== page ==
The government reiterated that the Diaoyutai Islands (釣魚台) are part of the Republic of China (ROC) and outlined its historical case supporting the claim to counter Japan’s efforts to nationalize the archipelago.
“We hope the Japanese government will clearly see the historical truth and not take any actions that could undermine the peaceful situation in East Asia,” the Executive Yuan said in a statement.
“The Republic of China will not recognize the validity of the so-called purchase deal between the Japanese government and the private owner,” it said.
The Executive Yuan asserted that the ROC’s sovereignty over the island group is an indisputable historical fact.
China mentioned the Diaoyutais as early as 1403 in historical documents and they were listed as part of China in Chinese and foreign maps in the 18th and 19th centuries, the Executive Yuan said.
Historical documents have also shown that Chinese people first found, named and used the land and that they were not uninhabited islets.
The Executive Yuan said the Japanese government has been trying to take over ownership of the Diaoyutais since 1885 and that it secretly ordered an inspection of the island group to set up a “national marker” there.
However, Okinawa Prefecture head Sutezo Nishimura reported that the island group had been named by China and used for many years and he suggested a delay in the project, arguing that it was not appropriate to set up national markers, the Executive Yuan said.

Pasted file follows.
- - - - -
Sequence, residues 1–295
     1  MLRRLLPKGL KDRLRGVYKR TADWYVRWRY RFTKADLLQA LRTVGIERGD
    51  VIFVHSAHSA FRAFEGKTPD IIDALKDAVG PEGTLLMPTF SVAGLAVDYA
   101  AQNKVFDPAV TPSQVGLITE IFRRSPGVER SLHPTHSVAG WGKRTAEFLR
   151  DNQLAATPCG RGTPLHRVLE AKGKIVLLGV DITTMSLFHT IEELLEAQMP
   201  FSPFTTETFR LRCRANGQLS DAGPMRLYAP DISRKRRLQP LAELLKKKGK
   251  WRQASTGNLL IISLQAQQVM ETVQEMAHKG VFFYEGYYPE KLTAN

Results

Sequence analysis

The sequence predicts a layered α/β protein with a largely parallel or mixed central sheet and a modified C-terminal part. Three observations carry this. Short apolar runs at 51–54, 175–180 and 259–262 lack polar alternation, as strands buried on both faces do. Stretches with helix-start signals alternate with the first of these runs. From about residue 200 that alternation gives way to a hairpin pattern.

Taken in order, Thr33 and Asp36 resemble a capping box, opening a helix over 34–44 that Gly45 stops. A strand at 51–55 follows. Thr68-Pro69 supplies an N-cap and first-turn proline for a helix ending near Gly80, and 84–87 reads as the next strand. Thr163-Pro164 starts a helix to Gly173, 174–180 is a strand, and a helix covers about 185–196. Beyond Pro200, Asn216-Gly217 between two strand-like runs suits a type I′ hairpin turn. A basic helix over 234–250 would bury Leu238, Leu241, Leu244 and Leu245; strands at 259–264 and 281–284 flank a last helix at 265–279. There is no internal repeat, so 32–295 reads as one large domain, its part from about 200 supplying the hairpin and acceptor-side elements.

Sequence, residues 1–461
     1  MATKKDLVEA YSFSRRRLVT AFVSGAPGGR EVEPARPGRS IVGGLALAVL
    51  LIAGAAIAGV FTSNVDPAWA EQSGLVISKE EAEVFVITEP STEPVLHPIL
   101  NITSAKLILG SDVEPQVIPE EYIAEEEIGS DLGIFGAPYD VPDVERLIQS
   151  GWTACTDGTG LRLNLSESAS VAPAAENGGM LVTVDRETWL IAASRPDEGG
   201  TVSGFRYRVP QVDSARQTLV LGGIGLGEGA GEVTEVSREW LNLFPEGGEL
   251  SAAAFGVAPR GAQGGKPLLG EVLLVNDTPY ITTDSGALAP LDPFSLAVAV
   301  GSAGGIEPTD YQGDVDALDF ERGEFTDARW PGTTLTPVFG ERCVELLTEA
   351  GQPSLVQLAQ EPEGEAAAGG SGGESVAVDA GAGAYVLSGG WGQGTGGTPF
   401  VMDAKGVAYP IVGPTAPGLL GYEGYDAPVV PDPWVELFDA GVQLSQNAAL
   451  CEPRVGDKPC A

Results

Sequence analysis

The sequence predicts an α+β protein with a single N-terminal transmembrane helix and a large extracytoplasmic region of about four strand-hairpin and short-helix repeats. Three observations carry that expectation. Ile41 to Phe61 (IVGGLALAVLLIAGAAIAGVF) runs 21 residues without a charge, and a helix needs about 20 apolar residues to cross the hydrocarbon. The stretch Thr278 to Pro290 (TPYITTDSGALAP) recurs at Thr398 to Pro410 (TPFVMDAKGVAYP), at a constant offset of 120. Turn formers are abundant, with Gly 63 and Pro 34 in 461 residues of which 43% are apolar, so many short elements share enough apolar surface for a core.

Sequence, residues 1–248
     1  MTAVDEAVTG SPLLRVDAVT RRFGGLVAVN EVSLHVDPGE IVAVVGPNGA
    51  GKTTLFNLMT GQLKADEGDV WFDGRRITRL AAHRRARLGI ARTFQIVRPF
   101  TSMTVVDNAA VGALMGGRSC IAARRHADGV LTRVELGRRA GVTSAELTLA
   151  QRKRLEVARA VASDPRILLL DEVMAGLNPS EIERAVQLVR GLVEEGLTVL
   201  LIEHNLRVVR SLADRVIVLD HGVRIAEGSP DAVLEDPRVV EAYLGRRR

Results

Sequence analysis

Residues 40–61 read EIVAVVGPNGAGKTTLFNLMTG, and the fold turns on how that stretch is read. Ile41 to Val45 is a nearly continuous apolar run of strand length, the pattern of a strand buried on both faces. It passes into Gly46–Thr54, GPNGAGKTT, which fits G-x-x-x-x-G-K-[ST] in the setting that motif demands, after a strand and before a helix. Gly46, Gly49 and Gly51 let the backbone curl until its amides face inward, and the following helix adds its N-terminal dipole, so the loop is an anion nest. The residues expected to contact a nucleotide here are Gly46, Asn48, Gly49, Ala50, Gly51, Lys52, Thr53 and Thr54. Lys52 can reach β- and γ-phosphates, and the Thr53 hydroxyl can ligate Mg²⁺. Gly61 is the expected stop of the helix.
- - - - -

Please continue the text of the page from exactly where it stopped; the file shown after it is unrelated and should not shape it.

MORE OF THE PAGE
According to the government, the territory is now under the jurisdiction of Yilan County, which registered the Diaoyutais as national land in accordance with the Land Act (土地法) in January 2004 and listed the total area as measuring 612 hectares spanning 61 parcels of land.
According to current land values, posted by the government in January this year, the Diaoyutai Islands are worth NT$190 per square meter, or a total of NT$1.16 billion (US$39.1 million).
The Japanese government’s purchase of three of the Diaoyutai Islands from a private owner on Tuesday has sparked condemnation in Taiwan.
President Ma Ying-jeou (馬英九) traveled on Friday last week to Pengjia Islet (彭佳嶼), located 141km west of the Diaoyutais, to symbolically protest Japan’s move and reassert the ROC’s sovereignty over the archipelago.